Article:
Cost of Living,
Leslie's Real Estate Market
Lansing-East Lansing Metro Area
Profile: Capital city/College town Location: Central Michigan along I-96 halfway between Detroit and Grand Rapids Elevation: 841 Time zone: Eastern Standard Time
|College town atmosphere||Economic cycles|
|Capital city amenities||Winter climate|
|Stable employers||Cloudy skies|
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Lansing is the state capital, and East Lansing is home to Michigan State University. Together the two places form the second most-populated area in Michigan, but individually, they are quite different. Downtown Lansing is plain and generally uninteresting; mainly anchored by the state government. A large GM assembly plant just west of town was recently replaced by a more modern plant farther out.
Area employment has three distinct bases: government, the university, and GM. While government and the university create a stabilizing influence, GM the rest of the industrial mix and economy have been anything but. The effects of GM’s downsizing and recent buyout programs on the area economy and demographics are still unfolding, but recent unemployment is high and home sales are very slow.
There are some interesting museums and other facilities typical of a capital city. Entertainment is provided by the popular and aptly named Lansing Lugnuts, and for most other entertainment activities, residents look east. East Lansing, the more attractive of the two cities, contains the usual college-town amenities, restaurants, and nightlife, and has a stronger employment base.
Areas west along a major strip are generally unattractive, while pleasant suburbs and small suburban towns surround the area north, east and south; Okemos east of East Lansing is one of the largest and more upscale examples and has a small base of high tech employment. Small towns like Williamston southeast and Owosso northeast offer an attractive small town lifestyle with access to city employment. The cost of living is very attractive for a capital city and college town, but the economy and the dreary central Michigan climate are issues to contend with.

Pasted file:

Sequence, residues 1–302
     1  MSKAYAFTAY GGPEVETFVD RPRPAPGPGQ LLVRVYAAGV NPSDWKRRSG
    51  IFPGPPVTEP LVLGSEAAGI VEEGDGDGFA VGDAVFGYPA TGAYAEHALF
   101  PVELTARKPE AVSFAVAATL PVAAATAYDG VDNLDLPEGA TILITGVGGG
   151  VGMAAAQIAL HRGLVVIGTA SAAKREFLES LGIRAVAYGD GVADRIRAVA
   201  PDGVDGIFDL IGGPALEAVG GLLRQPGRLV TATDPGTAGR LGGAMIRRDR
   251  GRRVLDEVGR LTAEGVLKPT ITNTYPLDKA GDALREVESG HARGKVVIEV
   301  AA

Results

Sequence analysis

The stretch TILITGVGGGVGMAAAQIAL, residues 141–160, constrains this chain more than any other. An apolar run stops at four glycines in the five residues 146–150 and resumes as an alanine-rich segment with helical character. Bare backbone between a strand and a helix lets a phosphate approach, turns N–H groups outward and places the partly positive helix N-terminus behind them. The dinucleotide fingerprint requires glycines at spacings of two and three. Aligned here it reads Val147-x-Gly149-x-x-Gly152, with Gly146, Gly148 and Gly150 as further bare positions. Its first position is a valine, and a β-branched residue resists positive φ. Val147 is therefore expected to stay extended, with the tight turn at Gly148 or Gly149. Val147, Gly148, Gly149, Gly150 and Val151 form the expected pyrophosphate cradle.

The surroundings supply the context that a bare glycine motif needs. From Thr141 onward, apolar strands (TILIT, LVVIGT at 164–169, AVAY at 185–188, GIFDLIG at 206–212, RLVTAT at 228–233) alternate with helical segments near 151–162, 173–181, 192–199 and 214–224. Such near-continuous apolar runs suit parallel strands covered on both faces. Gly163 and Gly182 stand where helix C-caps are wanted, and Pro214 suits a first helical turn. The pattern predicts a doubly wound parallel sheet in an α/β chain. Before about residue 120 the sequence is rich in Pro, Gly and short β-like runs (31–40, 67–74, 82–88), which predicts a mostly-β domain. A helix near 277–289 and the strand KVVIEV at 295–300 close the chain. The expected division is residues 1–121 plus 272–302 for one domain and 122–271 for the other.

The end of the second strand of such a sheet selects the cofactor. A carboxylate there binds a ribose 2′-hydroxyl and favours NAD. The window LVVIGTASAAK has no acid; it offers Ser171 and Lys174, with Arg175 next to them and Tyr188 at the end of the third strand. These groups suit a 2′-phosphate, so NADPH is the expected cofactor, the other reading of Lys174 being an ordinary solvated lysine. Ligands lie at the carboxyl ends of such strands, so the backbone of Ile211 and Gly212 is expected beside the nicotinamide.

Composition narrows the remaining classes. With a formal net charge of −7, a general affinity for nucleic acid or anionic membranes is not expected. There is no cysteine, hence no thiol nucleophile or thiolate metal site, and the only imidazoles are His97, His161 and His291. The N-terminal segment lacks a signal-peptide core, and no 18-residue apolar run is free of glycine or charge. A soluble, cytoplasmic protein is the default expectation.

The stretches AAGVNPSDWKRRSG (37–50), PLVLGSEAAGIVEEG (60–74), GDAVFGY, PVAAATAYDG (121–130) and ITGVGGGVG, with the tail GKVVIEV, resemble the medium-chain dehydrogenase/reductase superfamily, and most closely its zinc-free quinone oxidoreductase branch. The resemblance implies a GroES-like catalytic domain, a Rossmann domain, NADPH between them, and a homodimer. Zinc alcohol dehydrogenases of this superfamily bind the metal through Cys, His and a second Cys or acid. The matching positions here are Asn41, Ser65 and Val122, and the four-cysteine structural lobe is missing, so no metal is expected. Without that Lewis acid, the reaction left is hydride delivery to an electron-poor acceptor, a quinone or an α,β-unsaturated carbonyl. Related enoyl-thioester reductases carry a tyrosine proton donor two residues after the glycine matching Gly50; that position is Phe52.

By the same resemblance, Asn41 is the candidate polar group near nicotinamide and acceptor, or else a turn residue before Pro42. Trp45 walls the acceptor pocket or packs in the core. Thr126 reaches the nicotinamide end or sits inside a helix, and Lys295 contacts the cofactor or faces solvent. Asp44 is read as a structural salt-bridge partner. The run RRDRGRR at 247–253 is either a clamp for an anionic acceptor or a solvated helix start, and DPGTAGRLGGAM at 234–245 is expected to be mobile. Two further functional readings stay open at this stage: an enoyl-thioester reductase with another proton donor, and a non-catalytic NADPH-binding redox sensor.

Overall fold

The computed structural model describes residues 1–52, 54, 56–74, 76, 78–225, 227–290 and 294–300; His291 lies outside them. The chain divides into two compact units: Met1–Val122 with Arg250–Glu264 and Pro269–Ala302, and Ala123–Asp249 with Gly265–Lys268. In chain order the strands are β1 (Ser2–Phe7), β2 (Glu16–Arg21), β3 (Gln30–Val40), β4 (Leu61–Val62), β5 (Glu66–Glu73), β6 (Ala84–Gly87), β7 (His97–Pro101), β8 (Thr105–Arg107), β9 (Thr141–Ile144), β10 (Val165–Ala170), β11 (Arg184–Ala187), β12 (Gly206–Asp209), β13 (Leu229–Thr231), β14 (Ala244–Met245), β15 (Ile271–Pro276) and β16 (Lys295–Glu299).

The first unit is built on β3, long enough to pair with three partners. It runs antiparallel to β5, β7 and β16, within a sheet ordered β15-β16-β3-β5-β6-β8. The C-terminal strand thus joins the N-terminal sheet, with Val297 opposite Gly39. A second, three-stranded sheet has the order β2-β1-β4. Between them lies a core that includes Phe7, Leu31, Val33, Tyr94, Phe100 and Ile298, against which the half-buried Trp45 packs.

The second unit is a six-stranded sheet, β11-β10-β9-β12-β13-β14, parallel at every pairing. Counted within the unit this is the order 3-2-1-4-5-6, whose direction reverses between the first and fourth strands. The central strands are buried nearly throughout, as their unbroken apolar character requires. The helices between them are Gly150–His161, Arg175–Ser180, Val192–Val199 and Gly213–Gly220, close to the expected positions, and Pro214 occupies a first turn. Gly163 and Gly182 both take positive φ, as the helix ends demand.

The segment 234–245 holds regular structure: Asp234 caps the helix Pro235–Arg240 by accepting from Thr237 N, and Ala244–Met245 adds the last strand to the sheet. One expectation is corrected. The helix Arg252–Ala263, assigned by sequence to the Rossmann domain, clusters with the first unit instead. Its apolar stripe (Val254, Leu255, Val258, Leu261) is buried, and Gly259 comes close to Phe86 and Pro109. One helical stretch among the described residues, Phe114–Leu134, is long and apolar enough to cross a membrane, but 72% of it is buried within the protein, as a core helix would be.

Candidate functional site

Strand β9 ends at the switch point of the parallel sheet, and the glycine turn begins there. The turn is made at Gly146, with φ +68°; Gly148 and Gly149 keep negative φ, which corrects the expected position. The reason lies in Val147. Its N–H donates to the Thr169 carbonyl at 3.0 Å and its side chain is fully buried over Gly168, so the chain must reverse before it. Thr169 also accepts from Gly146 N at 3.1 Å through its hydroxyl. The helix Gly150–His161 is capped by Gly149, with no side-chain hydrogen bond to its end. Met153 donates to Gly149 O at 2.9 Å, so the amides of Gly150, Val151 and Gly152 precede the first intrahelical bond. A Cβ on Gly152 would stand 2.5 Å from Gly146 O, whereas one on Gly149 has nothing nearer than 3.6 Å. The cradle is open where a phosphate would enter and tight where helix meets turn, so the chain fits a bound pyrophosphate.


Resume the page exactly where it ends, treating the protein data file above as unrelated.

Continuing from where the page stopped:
Terrain is generally a mix of farmland and deciduous forest. The climate alternates between continental and semi-marine, based on the force and direction of the wind and storms. When there is little wind, the weather becomes continental with pronounced fluctuations in temperature. A strong lake wind may temper winter cold and summer heat, albeit with heightened wind chill factors in winter. Precipitation is evenly distributed throughout the year. Snowfall is moderate. There are twice as many cloudy days as clear ones year-round. First freeze is end of September, last is mid-May.
Interesting Facts about Leslie, Michigan
As of 2014, Leslie's population is 1,788 people. Since 2000, it has had a population growth of -10.87 percent.--------------------
The median home cost in Leslie is $102,500. Home appreciation the last year has been 1.60 percent.--------------------
Compared to the rest of the country, Leslie's cost of living is 13.40% Lower than the U.S. average.--------------------
Leslie public schools spend $12,802 per student. The average school expenditure in the U.S. is $12,435. There are about 17 students per teacher in Leslie.--------------------
The unemployment rate in Leslie is 6.10 percent(U.S. avg. is 6.30%). Recent job growth is Positive. Leslie jobs have Increased by 2.82 percent.
Ranked #28 America's Migraine Hot Spots
Ranked #33 Best Green Cities
Ranked #33 America's Best and Worst Cities for Crime (Mid-Size Metro Areas)
Ranked #162 2005 Best Places to Live
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Average Commute time is 26 minutes. The National Average is 25 minutes.--------------------
Leslie's Real Estate Market (click to see properties)
• Newly Listed Homes
• Most Expensive Listing
• Million Dollar Houses
• Homes from $750,001 to $1,000,000
• Homes from $500,001 to $750,000
• Homes from $250,000 to $500,000
• Homes under $250,000
• Median Priced Homes
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